Anatomy of an Era: Final Chapter/ PRACTICE INTENSITY/COMPETITION
Excerpted from Chapter 104, No Place Like Nebraska: Anatomy of an Era, Vol. 2 by Paul Koch
Anatomy of an Era: Final Chapter/ PRACTICE INTENSITY/COMPETITION
We’re now keenly informed and quite aware of:
1) the coaching staff’s diversity, fairness, preparation skills, methods of feedback and personal attention,
2) the three equally important modes of play via offense, defense and special teams,
3) the role of Husker fans and walk-ons,
4) the excellent support staff,
5) of player unity, motivations, dedication and leadership-types,
6) the practice organization, and
7) players’ physical development.
What we see next is how all of those elements then came together in the form of practice participation; this is where the blood, sweat and tears happened, something many spoke of.
Better yet, what seems to have mattered most was not merely full-scale practice participation by all members of the team, but the extra-spirited, ultra-competitive and combative forums inherent in that participation. This was where the rubber met the road, where they played “The best games never seen”.
It was 100% effort 100% of the time…
We had very, very physical and violent practices, and in turn, it made Saturday really easy… nobody practiced harder than we did. – Christian Peter
Christian was going against some redshirt right out of high school. Supposedly the freshman was intimidated and didn’t go hard against Christian. Well, Christian goes and just wallops him right upside the helmet, “Don’t you ever go half-assed against me, or I’ll kill you!” That’s what it took, you know? – Mike Roberts
…on the defensive side, it would have been Toby Wright. Holy cow, I think that guy’s helmet came off ten times a game with how hard he hit everybody. And I remember in practice, us DB’s, we’d hit each other in this cone drill, and every time I had to go up against (Toby Wright) I just dreaded it. My helmet went off a couple of times in just the half-speed, three-quarter speed drills… – David Alderman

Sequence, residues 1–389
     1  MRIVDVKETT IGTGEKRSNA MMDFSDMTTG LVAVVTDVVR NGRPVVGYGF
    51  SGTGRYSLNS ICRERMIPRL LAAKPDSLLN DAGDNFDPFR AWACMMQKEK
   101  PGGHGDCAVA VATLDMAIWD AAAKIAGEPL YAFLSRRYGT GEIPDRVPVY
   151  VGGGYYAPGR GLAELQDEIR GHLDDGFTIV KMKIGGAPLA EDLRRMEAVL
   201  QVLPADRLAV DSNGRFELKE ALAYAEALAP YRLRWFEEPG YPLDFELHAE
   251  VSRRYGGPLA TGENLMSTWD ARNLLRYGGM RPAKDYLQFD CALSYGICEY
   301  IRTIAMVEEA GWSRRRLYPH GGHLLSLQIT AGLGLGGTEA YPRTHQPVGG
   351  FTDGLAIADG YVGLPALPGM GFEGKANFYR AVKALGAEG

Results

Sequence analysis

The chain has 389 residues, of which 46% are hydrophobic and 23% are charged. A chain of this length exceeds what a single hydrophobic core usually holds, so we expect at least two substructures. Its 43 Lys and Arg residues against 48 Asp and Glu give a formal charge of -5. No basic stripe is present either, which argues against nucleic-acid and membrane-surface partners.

We just played hard and didn’t worry about getting hurt. A lot of times kids that get hurt are always looking around worried about somebody going to come hit them. They just played hard and it didn’t happen that we got major injuries in those (practice) situations because the players went after each other 100 percent and didn’t back off. – Dan Young
No fear here…
…we practiced the way we played. Coach Osborne was very, very big on that. We practiced full-bore. And that led to a lot of hot heads and emotions and things when Coach would let them cut-block us and things like that. We were constantly fighting the offensive linemen. At times it was half-football and half-boxing, but that’s what got us ready for Saturday. – Jared Tomich
…it’s so crucial and critical to have good talent and good depth across the board in a program.’Cause if you can simulate game experience in a practice -whenever you get to the game that was the biggest thing for us- when we walked into a ball game we knew we had already faced our toughest opponents, and that was our teammates that week… you’d step on the field on Saturday and never felt like you were gonna lose. Saturday was a cake walk. It was an easy deal on Saturday. – Aaron Taylor
Tony Ortiz grabs an Iowa fumble.
We did the things that we did to football teams in that era because we practiced harder than anybody else. Our practices were harder than the games. Once we got to the game it was easy. A lot of us couldn’t believe how easy it was come game time because we went against each other so much… – Vershan Jackson
…one other thing I try to impress upon my guys here is the practice tempo… I say, ‘Guys, listen. Back in Nebraska we had to get them to gear down, because they were going so hard and so fast all the time.’ The tempo, that’s the thing that stood out. – Clayton Carlin
Photo by Al Tielemans /Sports Illustrated/Getty Images
Particularly if last Saturday’s result was a victory…
When we won, practices were hell the following week. When we lost, it was different. It was just kind of the reverse psychology. You would think that when you lose, when you got beat, they’d just tear you down, but they didn’t. They’d still push you. But when we were winning, they’d be harder on us when we were winning than when you were losing. – Kevin Ramaekers
You dared not let up, because Big Brother was always watching…
…practices were really well organized, every move we made was filmed, it was a complete practice. – Darren Schmadeke